The Priority List by David Menasche (via Netgalley)
The Priority List was described as a book about a teacher with terminal cancer who traveled to see his former students and find out what impact he’d had on their lives. Inspirational story about teachers? Sign me right on up! But there was a lot of background before he got to the trip, and by the time he went he was so sick and his marriage was falling apart and I just couldn’t connect to it. I wish it had been more about his relationship with his students than about him. Recommended for: someone who can write an inspirational screenplay about an ill teacher traveling to see former students because I would watch the heck out of that movie.
Parentology by Dalton Conley (via Netgalley)
Parentology was billed as a book about the science behind parenting, maybe a little Freakonomics for child-raising. But it was actually about this weird guy and his unorthodox parenting techniques that he justifies using some statistics. I didn’t feel like I learned that much and it was disappointing overall. Recommended for: social scientists.
Now You See Me by Kathy Sanders (via Netgalley)
You know that crazy relative who thinks she should write a book but has no self-awareness? Now You See Me is by a woman who lost two of her grandchildren in the Oklahoma City Bombing, which is terribly sad but does not justify the existence of this truly awful book. She makes everything (even 9/11 and the tornadoes that hit Oklahoma last year) about her, and she is constantly writing as if she knows what other people are thinking. Part of the book is a quest she goes on to find out what really happened during the Oklahoma City Bombing, and she is sure that if she could just get some facetime with Timothy McVeigh she would uncover the truth, bless her heart. There were also some serious clueless moments when she brushed aside the fact that she is apparently estranged from part of her family and when she assumes that everyone in the entire state cares who she is hanging out with. I can only recommend it if you think you might enjoy the ramblings of a narcissist.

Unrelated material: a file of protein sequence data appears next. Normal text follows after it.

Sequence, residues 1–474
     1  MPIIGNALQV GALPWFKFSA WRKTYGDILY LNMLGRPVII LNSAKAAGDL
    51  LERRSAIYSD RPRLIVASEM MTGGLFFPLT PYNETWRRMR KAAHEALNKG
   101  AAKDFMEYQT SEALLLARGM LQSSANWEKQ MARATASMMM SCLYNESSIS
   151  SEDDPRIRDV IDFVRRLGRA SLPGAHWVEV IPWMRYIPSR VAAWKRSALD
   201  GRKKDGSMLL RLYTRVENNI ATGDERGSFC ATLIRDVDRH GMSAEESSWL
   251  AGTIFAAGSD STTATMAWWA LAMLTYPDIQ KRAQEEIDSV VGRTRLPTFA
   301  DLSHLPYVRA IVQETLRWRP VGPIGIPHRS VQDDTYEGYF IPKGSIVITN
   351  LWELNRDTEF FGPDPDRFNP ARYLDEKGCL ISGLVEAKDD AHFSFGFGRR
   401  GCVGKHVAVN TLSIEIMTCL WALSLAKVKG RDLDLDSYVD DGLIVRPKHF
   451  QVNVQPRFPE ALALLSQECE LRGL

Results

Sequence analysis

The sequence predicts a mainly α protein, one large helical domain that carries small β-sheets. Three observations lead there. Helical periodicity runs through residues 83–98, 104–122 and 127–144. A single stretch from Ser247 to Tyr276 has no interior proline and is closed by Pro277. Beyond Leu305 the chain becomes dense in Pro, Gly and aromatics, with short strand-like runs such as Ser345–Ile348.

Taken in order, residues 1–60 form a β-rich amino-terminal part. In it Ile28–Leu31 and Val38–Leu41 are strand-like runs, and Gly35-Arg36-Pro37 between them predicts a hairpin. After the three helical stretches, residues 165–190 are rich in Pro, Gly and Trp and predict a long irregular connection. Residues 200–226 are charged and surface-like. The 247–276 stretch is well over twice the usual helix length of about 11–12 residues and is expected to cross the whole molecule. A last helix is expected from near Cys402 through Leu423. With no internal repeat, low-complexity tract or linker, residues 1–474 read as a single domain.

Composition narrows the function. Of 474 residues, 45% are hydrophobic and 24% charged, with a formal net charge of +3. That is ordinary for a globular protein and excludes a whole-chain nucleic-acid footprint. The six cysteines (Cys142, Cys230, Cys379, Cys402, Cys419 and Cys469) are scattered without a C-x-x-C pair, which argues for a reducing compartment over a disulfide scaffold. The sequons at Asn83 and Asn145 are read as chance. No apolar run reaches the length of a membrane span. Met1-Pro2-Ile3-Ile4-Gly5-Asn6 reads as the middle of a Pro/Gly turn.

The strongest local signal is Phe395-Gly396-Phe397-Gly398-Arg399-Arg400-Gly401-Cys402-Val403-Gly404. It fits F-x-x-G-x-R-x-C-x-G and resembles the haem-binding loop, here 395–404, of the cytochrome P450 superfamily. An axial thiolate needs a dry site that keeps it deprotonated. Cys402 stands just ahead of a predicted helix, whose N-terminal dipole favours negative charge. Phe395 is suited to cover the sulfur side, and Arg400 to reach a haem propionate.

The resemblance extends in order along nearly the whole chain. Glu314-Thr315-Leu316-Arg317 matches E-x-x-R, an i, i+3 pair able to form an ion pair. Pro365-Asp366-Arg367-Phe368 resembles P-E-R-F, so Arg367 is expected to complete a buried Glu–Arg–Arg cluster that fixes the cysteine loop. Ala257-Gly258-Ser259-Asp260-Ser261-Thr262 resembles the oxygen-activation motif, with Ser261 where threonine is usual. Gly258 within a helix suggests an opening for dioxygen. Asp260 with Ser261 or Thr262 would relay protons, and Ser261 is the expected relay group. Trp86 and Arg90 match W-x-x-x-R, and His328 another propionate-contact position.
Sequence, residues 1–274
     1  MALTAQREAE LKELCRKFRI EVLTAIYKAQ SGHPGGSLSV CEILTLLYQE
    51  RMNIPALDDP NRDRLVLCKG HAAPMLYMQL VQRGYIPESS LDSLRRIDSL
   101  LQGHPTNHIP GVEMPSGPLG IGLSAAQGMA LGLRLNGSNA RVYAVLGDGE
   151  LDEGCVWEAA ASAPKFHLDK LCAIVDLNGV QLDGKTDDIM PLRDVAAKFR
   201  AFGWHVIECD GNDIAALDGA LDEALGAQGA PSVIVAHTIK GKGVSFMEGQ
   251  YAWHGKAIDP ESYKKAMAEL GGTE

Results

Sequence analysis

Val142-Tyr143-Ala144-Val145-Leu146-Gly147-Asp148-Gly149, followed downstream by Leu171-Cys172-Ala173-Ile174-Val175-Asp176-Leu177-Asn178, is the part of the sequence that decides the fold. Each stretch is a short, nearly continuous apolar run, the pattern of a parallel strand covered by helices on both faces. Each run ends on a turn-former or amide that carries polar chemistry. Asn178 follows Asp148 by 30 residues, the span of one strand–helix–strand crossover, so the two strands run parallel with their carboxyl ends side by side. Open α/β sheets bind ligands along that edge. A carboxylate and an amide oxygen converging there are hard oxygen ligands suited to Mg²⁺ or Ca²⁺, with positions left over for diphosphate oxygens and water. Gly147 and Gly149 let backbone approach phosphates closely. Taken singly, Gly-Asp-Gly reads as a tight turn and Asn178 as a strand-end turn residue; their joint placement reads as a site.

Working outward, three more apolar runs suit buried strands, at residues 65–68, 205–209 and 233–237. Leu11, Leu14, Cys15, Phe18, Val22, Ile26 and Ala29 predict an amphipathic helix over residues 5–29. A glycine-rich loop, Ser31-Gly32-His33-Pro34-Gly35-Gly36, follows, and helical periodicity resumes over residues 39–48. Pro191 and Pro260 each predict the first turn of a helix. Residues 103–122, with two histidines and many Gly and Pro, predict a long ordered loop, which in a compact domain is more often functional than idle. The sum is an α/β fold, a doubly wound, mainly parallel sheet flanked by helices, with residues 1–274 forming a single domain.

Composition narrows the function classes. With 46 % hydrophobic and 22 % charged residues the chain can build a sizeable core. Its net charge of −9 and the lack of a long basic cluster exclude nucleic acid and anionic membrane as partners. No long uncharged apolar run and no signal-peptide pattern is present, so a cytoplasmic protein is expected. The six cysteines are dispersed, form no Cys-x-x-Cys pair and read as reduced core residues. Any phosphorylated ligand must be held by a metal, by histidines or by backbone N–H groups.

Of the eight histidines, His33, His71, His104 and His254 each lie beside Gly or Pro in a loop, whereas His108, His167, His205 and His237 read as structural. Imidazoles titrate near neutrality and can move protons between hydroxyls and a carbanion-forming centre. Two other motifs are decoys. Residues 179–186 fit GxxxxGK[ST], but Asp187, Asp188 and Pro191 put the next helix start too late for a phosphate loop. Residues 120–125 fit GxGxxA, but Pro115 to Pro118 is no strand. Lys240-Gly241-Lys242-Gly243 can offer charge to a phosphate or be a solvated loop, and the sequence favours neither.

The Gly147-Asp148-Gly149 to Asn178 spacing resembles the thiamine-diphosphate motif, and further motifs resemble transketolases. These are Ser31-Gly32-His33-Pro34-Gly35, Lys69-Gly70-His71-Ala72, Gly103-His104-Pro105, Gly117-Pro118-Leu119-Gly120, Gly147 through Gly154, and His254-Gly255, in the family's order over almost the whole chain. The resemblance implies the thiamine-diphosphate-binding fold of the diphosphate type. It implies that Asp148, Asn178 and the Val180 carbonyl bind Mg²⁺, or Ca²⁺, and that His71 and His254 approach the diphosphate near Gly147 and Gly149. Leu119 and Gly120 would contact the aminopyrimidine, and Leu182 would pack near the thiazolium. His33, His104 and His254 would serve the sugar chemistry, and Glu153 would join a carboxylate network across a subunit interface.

The Language of Flowers by Vanessa Diffenbauch (for church bookclub)
Despite the fact that I kill plants, I enjoyed this. It’s about a girl who exits the fostercare system who has a gift with plants and flowers. We had a great discussion at book club about it. Thankful for such smart and thoughtful women in my life! Recommended for: book clubs, gardeners, aspiring gardeners.
The Story of God, the Story of Us by Sean Gladding (via the used bookstore)
Mostly just a paraphrase of scripture. I wish the author had resisted the urge to answer difficult questions about God, because his answers felt very pat and tidy. God’s ways are not our ways! My frustrations were probably theological in nature, since I am not sure we can draw conclusions from all the stories in the bible like the narrator wanted to do. Recommended for: maybe good for a teenager wanting to put the story of the bible in a little more context and chronological order.
My Mistake by Daniel Menaker (via Netgalley)
This book fell between a straight-up memoir and a gossipy tale about publishing in New York. I think focusing on one or the other might have been better. As it was, I felt a little unsure about what I read and why. Recommended for: journalists and editors who like behind-the-scenes stories.
The Unlikely Disciple: A Sinner’s Semester at America’s Holiest University by Kevin Roose (via the used bookstore)
I never even considered going to a Christian college. That stuff seemed crazy town to me – I had some acquaintances who went to Pensacola who couldn’t even walk on the sidewalk with someone of the opposite sex. So I can’t imagine what possessed Kevin Roose, a Brown student, spend a semester at Liberty learning about the subculture. It was fascinating to see his take on things I grew up with (and things that were too conservative for my family, thankyouverymuch). I hesitated to read this because the world does not need another book telling us about the evils of conservative Christianity, but this is a lovely generous take on his time at Liberty and the people he met there. The gold standard for this kind of book is obviously A.J. Jacobs, but Kevin worked for A.J. for a while and it shows in his good-natured approach to being a stranger in a strange land. Super enjoyable read. Recommended for: people who like the “year of” books, people who are fascinated by the impact of Jerry Falwell, people who are tired of the culture wars.
Some of these books were provided by Netgalley but my opinions, as always, are my own.